The main objective of FrogWatch Ontario is to educate and empower local landowners, school classrooms, corporations, and most importantly, you, to visit a favorite wetland habitat two to three times a week in the spring and early summer months and record what species of frogs and toads you hear calling. Male frogs or toads of every species call or ‘sing’ distinctively in the spring to attract mates. Learning these calls allows every-day citizens to become scientists, giving them the ability to record their observations and report them to a central depot. Educational materials including posters, colour field identification guides and frog and toad call CDs are given to each FrogWatch participant. Data is submitted online or through the mail, organized in a central database stored by Environment Canada, and then forwarded to the Natural Heritage Information Centre (Ontario Ministry of Natural Resources) for the creation of distribution maps and tracking of population dynamics throughout the province. Information about the presence or absence of frogs and toads in Ontario’s wetlands will ultimately help scientists determine factors that are affecting amphibian declines at the global level.
Since the beginning of 2010, 375 new people from across Canada have submitted observations, with 59 of those new observers coming from Ontario. To date, FrogWatch Ontario includes 512 registered observers. Observers have registered 754 locations and documented over 10,177 observations! Spring Peepers are the frogs most commonly heard calling, while Blanchard’s Cricket Frogs and Fowler’s Toads are the least likely to be heard. With the passing of every year, the FrogWatch Ontario database continues to grow, as does the awareness for the plight of frogs and toads. Our growing dataset provides the power necessary for scientists to clearly visualize long-term trends in frog and toad abundance.
GREAT LAKES OF CANADA AND MEXICO; Lake Ontario and Lake Xochimilco school to school partnership
This programme partners schools in Canada and Mexico to share their understanding of the importance of water resources in their communities. Threats to the Great Lakes of Canada and the great lakes of Mexico are similar and include water quality, water loss, pollution, chemical and heavy metal sequestering, invasive species, and loss of biodiversity.
Two large neotenic salamanders, the mudpuppy in Canada and axolotl in Mexico, share the waters of these lakes and will serves as a starting point in understanding the importance of watersheds in determining the quality of community water resources.
INTERNATIONAL MIGRATORY BIRD DAY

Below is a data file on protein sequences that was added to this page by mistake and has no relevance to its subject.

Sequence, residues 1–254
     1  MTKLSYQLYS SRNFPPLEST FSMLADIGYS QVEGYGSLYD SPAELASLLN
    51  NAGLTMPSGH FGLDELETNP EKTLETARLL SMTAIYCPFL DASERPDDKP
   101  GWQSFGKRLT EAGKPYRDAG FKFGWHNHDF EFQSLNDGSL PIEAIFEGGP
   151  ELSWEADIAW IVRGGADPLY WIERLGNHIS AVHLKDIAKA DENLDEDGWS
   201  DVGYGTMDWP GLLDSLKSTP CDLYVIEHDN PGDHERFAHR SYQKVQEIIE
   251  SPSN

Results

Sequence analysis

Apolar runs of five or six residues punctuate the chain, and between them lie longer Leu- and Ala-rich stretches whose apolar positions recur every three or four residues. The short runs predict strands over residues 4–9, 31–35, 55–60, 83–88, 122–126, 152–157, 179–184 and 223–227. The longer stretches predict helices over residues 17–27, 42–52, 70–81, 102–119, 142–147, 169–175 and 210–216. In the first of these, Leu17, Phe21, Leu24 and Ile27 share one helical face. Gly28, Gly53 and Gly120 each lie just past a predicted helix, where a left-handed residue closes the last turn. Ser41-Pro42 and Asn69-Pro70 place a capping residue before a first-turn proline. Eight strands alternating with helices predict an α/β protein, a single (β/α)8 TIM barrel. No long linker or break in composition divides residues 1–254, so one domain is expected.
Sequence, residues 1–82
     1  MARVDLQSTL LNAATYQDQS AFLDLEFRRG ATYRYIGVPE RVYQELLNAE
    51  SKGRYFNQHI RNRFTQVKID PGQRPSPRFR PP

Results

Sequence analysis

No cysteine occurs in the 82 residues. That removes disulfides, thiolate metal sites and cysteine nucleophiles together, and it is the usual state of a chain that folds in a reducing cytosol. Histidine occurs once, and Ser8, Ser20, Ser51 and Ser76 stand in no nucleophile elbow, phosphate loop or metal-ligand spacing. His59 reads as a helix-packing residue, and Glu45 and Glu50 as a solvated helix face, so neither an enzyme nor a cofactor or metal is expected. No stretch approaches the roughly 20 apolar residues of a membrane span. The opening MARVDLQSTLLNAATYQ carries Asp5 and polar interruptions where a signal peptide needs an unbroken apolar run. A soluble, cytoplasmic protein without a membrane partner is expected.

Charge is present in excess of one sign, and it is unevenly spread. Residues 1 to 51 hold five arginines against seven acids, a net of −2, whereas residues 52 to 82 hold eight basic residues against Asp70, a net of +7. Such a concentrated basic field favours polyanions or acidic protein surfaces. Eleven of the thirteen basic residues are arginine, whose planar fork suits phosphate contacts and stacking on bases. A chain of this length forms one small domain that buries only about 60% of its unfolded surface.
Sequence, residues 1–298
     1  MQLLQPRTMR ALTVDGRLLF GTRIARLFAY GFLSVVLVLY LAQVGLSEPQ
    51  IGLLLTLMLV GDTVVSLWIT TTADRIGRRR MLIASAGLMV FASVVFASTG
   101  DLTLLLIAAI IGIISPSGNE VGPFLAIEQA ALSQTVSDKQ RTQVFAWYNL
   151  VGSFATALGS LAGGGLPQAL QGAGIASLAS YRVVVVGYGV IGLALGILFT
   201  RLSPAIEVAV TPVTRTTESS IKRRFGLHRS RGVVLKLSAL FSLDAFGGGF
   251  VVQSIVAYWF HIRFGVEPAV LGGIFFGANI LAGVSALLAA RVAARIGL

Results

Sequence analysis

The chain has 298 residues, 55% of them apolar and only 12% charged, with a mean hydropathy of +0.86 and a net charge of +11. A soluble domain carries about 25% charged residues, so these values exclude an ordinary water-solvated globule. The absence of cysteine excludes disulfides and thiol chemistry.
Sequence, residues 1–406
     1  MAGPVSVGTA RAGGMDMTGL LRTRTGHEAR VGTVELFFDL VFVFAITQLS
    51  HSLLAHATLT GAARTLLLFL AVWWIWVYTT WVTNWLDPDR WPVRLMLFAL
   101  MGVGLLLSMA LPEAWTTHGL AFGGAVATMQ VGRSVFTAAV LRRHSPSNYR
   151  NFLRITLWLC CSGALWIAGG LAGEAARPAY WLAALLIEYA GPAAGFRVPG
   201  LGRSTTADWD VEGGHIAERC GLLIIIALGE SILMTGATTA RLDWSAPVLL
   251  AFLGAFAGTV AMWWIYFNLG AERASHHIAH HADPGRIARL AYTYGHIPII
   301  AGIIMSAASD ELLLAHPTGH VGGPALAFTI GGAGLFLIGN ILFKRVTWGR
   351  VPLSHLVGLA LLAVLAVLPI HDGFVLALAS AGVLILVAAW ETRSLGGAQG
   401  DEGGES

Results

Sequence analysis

Toronto Zoo celebrated its 11th annual International Migratory Bird Day this year. Every year visitors come to the Zoo, learn about bird conservation and celebrate the return of our migratory birds. Conservation groups from Ontario join us in talking to visitors and lucky visitors wishing to see the “wilds” of the Zoo get to wander through the “core” woods looking for the elusive migrants hiding in the forest. The lecturer this year was Christina Sharma of CHIRP. Christina talked to people about developing wildlife friendly gardens in your own back yard.. Other people displaying at the Zoo included: Wildlife Preservation Canada, Rouge Park, Scott’s Canada, Toronto Field Naturalists, Project CHIRP and COTERC.
ONTARIO TURTLE TALLY
Ontario Turtle Tally is a community-based turtle-monitoring program designed to increase awareness of the importance of local wetlands and turtle populations. In 2008 the Committee on the Status of Endangered Wildlife in Canada (COSEWIC) listed seven of Ontario’s eight turtle species as Species at Risk (either Endangered, Threatened or of Special Concern), a proportionately higher number than any other group of plants or animals in Canada.
The objective of Ontario Turtle Tally is to educate and empower the citizens of Ontario by providing them with information about each of the province’s turtle species and encouraging them to record data when they see a turtle crossing the road, nesting, or even basking on a log.
The Turtle Tally monitoring protocol is more opportunistic than FrogWatch Ontario; participants are asked to record as much information as possible, but species’ identification and location are the fields of primary interest in our online database. Even if a turtle is seen during a one-time wetland visit, Turtle Tally wants to hear about it!